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Old 27th Apr 2009, 6:19 pm   #41
stonehopper
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Default Re: Roberts RT7 - problem

OC81's in the 20k ohm range on my meter;
base - collector: 2.97
collector - base: no reading
base - emitter: 3.16
emitter - base: no reading
collector - emitter: 1.64
emitter - collector 18.25

base - collector: 3.25
collector - base:no reading
base - emitter: 3.67
emitter - base: no reading
collector - emitter: 1.84
emitter - collector: 19.19

Looks like the bin.
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Old 27th Apr 2009, 6:21 pm   #42
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Default Re: Roberts RT7 - problem

They are probably OK. So its something else round there. Check them two resistors.

Cheers,

Steve P.
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Old 27th Apr 2009, 7:09 pm   #43
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Default Re: Roberts RT7 - problem

The two resistors R26 & R27:
Checked using the 20k setting, no power, and in situ with the meter points held at each end;
R26 1.05; R27 .08

R26 With battery connected and on, voltage at the 'Gold' end: 9.72 'Red' end: 0.28
R27 'Gold end': 0.28 'Green' end: 0.00

Derek
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Old 27th Apr 2009, 8:17 pm   #44
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Default Re: Roberts RT7 - problem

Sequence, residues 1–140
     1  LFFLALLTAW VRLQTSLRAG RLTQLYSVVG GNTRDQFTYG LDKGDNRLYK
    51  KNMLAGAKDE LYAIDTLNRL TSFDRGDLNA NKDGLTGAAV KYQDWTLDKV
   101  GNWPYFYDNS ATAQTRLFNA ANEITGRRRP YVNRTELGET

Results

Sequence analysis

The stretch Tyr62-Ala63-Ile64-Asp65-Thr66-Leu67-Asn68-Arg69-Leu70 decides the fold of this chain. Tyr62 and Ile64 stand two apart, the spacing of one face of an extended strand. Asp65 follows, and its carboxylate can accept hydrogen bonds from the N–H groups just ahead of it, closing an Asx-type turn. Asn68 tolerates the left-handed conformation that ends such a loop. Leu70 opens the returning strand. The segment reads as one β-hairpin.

Hmm, they are OK then. What are the voltages around TR5?

Cheers,

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Old 27th Apr 2009, 8:35 pm   #45
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Post Re: Roberts RT7 - problem

While you are checking voltages elsewhere the two OC81's should have their collectors or emitters lifted out of circuit if these are still drawing excessive current, of course this can cause an additional problem of having to unsolder them. But they can't be left in drawing excess current and overheating, something is biasing them on far to hard. The base driver stage of the output stage should be checked, this is the other (driver) transformer and its components on the board.

What should have been mentioned earlier is to monitor the battery current rather than wait until things get hot, by putting the milli Ampere meter in series with the battery lead. The current should only be around 10 milli-amps or so, if the needle shots off the scale then this is why the things are getting hot and draining the battery.

(With a good radio at normal volume this current with increase and fluctuate in time with the signal)

Geof
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Old 27th Apr 2009, 8:43 pm   #46
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Default Re: Roberts RT7 - problem

TR5 power on; Red lead 9.5v; Black 1.83v; Base(?) 1.95v.

Should I not be testing these components for resistance off the board?

Derek

PS Thanks Geof. The OC81's are currently off the board. Battery levels for the minute or so checking for voltage has remained stable - same before and after checking (so far). But with OC81's attached, there was a drain - it drew the PP9 down from 10.1v to 9.1, which has since recovered to 9.93v.

Last edited by stonehopper; 27th Apr 2009 at 8:48 pm.
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Old 27th Apr 2009, 8:57 pm   #47
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Post Re: Roberts RT7 - problem

Quote:
Originally Posted by stonehopper View Post
TR5 power on; Red lead 9.5v; Black 1.83v; Base(?) 1.95v.

Should I not be testing these components for resistance off the board?

Derek